When it comes to insulating your home, you are considering more than just heat in summer and cold in winter. While temperature regulation definitely affects your energy bill, insulation is also meant to be a barrier against moisture. Moisture not only threatens the life and integrity of the wood, it can also lead to things like mold and mildew, which can threaten the health of your family. You have likely rad about the greater energy efficiency of spray foam insulation, its superior seal, and the fact that it can actually strengthen your walls. However, you may have questions about how spray foam reacts with moisture. In other words, what happens if spray foam insulation gets wet?
There are some myths out there about spray foam and water that we’d like to clear up in this post by giving you some facts to answer this question. First, what happens when the foam itself gets wet? Will it still dry properly? Open cell spray foam insulation will still dry completely after getting wet. If the amount of water is extensive, the shape may be affected, but it will still dry completely, and then any shape imperfections can be filled in easily. If spray foam polyurethane gets wet after a couple of minutes, it will still dry effectively with no shape problems because it forms a “skin” that is water resistant. Single component foam is more affected than polyurethane but can still dry; it just may need some shape correction. In addition, because spray foam is not a “food” for mold, there is little danger of mold becoming a problem even if it gets wet. Closed cell foams also do not absorb water, which is very beneficial in flooding zones. In fact, because it is water resistant, it is often used as an effective repair for leaky basements.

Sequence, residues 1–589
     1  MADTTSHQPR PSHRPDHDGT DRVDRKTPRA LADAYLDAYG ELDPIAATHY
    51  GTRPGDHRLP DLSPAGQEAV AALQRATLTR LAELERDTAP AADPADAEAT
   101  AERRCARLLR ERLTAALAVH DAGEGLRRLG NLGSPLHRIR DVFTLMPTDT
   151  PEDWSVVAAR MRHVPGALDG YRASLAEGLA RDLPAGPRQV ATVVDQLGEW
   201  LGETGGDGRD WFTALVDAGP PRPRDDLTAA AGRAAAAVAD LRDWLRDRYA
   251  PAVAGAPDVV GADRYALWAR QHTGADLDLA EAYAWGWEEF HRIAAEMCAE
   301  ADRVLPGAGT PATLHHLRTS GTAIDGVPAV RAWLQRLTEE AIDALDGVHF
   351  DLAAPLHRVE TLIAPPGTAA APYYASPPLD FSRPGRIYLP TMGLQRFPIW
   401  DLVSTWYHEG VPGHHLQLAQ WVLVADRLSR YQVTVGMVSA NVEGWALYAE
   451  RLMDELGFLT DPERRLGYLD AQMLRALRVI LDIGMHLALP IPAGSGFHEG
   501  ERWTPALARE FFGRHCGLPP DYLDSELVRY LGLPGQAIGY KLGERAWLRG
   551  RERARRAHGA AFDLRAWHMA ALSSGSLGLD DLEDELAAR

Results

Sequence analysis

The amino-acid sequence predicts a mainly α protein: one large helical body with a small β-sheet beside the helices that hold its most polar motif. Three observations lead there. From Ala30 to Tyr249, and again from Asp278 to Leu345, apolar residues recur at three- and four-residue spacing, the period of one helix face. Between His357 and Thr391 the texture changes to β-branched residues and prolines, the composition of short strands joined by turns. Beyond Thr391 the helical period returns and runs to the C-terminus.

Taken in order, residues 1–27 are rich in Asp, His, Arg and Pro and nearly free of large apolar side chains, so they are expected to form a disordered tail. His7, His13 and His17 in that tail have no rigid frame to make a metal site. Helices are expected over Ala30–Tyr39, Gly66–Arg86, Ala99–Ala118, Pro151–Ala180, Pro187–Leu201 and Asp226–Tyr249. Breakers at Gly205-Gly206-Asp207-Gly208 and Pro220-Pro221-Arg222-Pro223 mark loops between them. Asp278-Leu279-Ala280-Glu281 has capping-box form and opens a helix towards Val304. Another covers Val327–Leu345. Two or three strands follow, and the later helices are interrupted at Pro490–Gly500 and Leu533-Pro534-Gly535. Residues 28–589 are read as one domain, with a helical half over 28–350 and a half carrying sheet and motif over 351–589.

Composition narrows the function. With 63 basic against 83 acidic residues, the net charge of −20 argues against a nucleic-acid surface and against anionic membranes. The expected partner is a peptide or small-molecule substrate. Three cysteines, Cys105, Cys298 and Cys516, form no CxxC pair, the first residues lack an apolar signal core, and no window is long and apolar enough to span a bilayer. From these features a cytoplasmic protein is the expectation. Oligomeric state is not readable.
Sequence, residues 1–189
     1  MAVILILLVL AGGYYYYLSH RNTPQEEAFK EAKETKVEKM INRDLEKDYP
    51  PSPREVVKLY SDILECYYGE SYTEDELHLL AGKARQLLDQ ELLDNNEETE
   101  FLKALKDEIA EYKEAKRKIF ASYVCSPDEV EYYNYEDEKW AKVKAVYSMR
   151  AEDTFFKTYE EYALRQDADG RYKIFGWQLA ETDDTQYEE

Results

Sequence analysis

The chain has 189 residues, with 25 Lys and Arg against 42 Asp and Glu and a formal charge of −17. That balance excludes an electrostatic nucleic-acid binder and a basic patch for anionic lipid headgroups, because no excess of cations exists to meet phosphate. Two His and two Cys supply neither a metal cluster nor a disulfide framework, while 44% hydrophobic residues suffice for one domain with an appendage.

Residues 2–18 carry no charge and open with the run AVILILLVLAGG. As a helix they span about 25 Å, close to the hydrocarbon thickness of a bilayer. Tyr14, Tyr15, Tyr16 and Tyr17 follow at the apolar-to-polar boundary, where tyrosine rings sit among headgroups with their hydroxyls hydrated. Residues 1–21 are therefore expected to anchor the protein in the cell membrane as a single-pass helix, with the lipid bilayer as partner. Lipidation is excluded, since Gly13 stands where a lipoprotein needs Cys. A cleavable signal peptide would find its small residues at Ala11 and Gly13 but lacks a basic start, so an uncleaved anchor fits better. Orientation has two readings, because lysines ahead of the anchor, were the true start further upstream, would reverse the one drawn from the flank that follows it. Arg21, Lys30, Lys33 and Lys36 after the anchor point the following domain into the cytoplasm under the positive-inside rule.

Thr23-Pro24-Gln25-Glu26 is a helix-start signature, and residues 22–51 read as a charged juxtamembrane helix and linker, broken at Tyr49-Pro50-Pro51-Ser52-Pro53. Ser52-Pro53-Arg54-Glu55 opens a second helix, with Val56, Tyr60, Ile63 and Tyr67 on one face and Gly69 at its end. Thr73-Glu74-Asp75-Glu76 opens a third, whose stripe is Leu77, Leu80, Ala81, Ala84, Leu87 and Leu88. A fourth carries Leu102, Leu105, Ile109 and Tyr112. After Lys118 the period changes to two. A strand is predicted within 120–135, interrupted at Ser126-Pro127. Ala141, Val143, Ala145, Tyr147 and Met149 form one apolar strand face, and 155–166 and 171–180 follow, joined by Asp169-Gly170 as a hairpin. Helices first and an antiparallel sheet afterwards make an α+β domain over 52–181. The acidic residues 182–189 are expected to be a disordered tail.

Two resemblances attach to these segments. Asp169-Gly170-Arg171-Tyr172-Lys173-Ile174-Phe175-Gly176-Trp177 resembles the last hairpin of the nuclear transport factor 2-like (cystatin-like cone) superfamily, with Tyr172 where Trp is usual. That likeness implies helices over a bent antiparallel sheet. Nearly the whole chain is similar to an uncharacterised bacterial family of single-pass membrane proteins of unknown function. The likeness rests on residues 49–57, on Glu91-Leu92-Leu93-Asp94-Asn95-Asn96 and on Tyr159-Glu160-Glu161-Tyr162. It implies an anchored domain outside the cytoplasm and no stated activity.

What about wet surfaces? Can spray foam insulation be used on surfaces that get wet? Will its water resistance trap water and cause mold or decay? This is one of the myths about spray foam. Spray foam has been used and installed in various places where water is a consideration, such as the underside of roof decks, for decades, and there is no record of it causing deterioration to the wood, even when the wood gets wet. It seals any cracks or crevices and repels the water, protecting the wood more effectively. In addition, in colder climates, it helps to keep the rook deck cold, thereby preventing ice damming. In warmer climates, potential customers have sometimes been concerned about humidity and vapor as potential water problems. Actually, the composition of closed cell spray foam allows a controlled flow of moisture vapor as it separates the inside and outside temperatures, which controls condensation more effectively. And even if wood is wet when spray foam insulation is applied, repeated tests indicate that while the lumber may dry more slowly, it will dry, and the seal will still be in effect. So while it is best practice to spray the foam onto a dry surface, even a damp surface can still be protected.